Is the spiritual journey simply the sum of its parts?

Is it one forehead, two hands, two knees, and two toes?

As if our philosophies are rendered useless by the fast.

Our bodies become both loud and invisible.

We come into time expecting one thing, but getting another.

Has this fast been everything you could hope for? Allah asked.

Yes, Yes




Ramadan is my container. Without the limits and constraints of Ramadan, I would not have come upon this end because there would be no such thing as an ending.

There is a grace in submitting to a time, in pouring your life into a container.  This foreign object that encapsulates you makes it possible for you to identify a shape.  Who hasn’t imagined infinity as an arc, heading towards our personal goals.

My selfish worries about graduation, about looking for a job, about my aloneness, about my family, about my friend’s health, about my love life, and last but not least, my unconquerable soul, gave way to my prayers.

I could not deny this end, nor put it off.

It is simple, yet it is not easy.

I knew of course that the time would end.

But saying it, even it being it itself as I wrote, did not allow me to imagine it, to predict it.

I do however, cherish this end.




Claudia Emerson insisted in the bookstore that she gift me a book of her poetry. She knew that I had plans for the copy I’d won my second day in Sewanee. She sent her husband to buy the book for me.


For Once

By Claudia Emerson (from her collection Secure the Shadows)


I had many times walked past it: crowded

Stand of mixed woods where a field used to be,


self-ordained survivors of a place

Having gone unnoticed long enough


for them to volunteer: maples, scrub pines,

some cedars – a blood beech leaved even


in winter, little remarkable either

for ruin or beauty. And then something, in there,


caused me to pause, sounds a wakeful house

can make – the restlessness of a slumberous


body shifting in bed, the strike of a match,

foot doubtful on a stair, kindling catching,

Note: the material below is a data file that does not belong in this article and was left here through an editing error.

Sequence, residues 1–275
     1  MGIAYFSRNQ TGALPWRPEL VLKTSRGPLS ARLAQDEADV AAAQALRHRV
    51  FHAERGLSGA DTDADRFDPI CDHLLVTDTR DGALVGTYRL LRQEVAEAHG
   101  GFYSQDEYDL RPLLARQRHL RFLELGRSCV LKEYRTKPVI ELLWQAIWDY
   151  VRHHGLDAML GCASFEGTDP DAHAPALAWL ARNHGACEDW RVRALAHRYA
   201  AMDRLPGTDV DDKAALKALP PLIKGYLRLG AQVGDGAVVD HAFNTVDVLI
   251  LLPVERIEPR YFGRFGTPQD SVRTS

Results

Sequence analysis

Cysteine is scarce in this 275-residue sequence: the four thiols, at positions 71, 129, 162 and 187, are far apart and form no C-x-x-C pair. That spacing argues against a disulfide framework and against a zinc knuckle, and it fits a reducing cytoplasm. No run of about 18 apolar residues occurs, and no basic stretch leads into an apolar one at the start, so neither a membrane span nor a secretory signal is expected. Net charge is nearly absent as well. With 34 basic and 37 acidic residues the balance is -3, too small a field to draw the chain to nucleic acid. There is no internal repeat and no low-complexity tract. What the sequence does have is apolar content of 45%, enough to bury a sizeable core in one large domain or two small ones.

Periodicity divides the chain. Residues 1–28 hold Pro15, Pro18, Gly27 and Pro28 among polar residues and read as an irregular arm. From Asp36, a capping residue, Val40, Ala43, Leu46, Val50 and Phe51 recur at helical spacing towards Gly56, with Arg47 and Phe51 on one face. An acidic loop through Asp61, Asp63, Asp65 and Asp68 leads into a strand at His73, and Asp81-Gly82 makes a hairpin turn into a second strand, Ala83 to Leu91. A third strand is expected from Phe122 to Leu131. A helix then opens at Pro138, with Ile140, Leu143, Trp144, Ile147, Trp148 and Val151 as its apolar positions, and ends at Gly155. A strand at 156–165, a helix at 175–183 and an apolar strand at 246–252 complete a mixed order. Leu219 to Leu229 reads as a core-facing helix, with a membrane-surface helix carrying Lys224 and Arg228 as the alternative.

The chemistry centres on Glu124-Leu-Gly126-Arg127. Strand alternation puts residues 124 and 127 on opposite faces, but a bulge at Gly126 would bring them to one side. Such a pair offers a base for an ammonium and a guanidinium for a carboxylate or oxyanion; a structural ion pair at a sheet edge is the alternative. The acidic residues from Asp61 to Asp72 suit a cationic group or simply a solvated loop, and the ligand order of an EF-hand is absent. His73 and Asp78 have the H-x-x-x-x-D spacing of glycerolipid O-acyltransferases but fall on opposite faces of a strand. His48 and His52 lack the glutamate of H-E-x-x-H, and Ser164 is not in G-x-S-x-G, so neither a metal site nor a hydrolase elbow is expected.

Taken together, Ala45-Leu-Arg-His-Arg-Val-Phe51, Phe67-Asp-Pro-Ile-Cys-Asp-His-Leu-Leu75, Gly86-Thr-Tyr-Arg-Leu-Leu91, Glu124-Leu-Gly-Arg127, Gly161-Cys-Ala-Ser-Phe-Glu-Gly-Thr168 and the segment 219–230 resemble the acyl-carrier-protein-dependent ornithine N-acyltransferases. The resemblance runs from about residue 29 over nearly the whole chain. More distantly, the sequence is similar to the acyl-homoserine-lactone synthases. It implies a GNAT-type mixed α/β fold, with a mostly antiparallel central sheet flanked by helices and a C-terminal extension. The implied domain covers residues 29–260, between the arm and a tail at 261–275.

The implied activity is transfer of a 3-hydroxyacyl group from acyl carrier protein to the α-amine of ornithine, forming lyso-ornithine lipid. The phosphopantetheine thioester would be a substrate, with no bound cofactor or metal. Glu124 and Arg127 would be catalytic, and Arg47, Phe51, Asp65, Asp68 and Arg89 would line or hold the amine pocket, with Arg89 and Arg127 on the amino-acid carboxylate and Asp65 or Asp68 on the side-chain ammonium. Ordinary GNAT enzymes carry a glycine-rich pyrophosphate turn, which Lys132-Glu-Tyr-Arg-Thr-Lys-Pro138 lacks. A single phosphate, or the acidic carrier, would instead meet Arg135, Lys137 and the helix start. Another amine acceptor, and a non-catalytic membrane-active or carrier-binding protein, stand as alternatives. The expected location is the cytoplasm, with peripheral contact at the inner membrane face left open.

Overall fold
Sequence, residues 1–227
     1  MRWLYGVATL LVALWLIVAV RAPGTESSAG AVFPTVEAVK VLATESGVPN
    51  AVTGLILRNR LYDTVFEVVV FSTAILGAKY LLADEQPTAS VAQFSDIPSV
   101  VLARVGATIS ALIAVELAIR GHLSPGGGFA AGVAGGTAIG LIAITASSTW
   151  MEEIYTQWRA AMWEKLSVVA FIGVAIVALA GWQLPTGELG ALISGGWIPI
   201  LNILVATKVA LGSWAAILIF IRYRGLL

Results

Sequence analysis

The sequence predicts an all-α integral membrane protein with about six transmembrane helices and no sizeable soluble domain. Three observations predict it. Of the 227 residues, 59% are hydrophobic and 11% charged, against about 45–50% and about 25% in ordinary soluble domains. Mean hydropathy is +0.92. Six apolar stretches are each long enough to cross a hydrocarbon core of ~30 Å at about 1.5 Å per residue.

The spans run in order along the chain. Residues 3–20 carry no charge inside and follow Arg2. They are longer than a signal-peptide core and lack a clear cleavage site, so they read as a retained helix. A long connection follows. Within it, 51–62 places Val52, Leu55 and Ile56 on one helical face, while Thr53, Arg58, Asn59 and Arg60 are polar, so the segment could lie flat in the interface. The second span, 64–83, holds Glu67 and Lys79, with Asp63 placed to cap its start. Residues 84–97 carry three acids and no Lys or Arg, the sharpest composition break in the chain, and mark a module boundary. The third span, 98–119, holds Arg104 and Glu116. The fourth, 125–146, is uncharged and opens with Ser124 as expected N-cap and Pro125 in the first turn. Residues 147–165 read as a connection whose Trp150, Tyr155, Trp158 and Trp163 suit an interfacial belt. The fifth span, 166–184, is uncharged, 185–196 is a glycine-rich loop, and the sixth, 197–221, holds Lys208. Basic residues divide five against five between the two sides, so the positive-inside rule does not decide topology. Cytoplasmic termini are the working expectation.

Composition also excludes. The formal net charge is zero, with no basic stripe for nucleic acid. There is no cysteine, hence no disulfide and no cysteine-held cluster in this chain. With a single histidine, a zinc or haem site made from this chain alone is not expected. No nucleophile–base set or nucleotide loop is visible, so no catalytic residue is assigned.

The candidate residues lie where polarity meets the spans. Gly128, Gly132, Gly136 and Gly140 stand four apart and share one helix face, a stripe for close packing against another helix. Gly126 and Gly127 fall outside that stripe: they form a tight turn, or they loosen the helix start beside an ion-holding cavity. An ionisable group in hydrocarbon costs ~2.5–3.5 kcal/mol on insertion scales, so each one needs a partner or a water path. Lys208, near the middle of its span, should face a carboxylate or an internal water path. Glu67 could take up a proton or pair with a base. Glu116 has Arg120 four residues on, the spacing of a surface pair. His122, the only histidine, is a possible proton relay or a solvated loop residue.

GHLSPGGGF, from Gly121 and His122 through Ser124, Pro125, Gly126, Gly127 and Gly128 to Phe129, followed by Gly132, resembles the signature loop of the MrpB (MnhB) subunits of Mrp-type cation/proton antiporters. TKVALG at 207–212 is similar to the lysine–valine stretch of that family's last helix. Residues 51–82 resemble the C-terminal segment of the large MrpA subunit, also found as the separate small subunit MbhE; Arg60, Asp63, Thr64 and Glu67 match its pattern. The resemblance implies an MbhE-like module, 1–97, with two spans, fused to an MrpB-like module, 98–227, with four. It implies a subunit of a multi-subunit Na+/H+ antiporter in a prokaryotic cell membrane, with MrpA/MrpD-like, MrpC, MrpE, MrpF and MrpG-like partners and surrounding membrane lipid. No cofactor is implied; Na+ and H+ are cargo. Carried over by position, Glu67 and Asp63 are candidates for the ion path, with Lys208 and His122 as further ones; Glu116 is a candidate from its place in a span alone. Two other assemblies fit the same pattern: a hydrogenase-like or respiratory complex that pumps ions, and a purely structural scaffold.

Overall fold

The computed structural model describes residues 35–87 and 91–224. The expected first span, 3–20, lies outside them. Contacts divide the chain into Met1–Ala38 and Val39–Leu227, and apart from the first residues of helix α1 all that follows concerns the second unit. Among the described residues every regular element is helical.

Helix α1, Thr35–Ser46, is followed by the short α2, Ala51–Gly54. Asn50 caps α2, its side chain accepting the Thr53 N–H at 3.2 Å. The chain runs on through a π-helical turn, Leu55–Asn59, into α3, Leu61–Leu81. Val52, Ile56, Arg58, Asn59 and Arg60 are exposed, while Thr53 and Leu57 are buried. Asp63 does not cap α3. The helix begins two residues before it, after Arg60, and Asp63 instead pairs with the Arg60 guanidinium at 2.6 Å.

water from a spigot, fatwood hiss.

Or all of it the acoustics of emptiness—


needles of ice ticking on abandoned glass,

a porch swing’s chained keening. But it was habit


to find the familiar in that shifting architecture,

its trueness not finally in the measure


and level of some human past, or possible,

but in that present quickening—wind-cast


shadows of sound and soundlessness, unseen,

unknowable, and, for once, enough.







Thank you for reading my blog. I’m not sure whether I’ll post for Eid as tomorrow I drive to Murfreesboro and then come back to listen to my Sewanee teacher Randall Kenan read, a handsome man with eyes that fire.


If you’ve been reading my blog (and I knew about it), please know that I’ve kept you in my prayers. I did it very specific, just like in the Secret, so the blessings of my fast should adhere to you. I’m so serious.


My Gloria writes me that she likes to look at my face and my eyes. Her operation is set for the 29th. I have so many things to say to her, so here’s my beginning:


I am with you even when I am not with you.


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Eid Mubarak!

This is us beginning.




Got a favorite of my Ramadan Journal Entries?  Let me know!  2013 and 2014 are all online.  You may wish to access by following links I’ve provided, or scroll haphazardly.  Please feel free to leave me comments.  I love them.

Some of my favorite Ramadan Journal posts listed below in eight different places w/ links!  😉

1.) 2013, Introduction, my first Ramadan Journal Entry

2.) 2013, Eid

3.) 2014, Fast Brain

4.) 2014, Sgt. Lonely’s Queer Club Band

5.) 2014, My Mother in the Summertime

6.) 2013, Ramadan Day 9

7. 2013, Ramadan Day 11

8.) 2014, Journey South


1 Comment (+add yours?)

  1. Melissa
    Aug 02, 2014 @ 15:06:55

    So touched reading your journey through Ramadan, Serena. Love you so much. Would love to hear more about the ending days of your fast at Sewanee. Sending love and light. ~m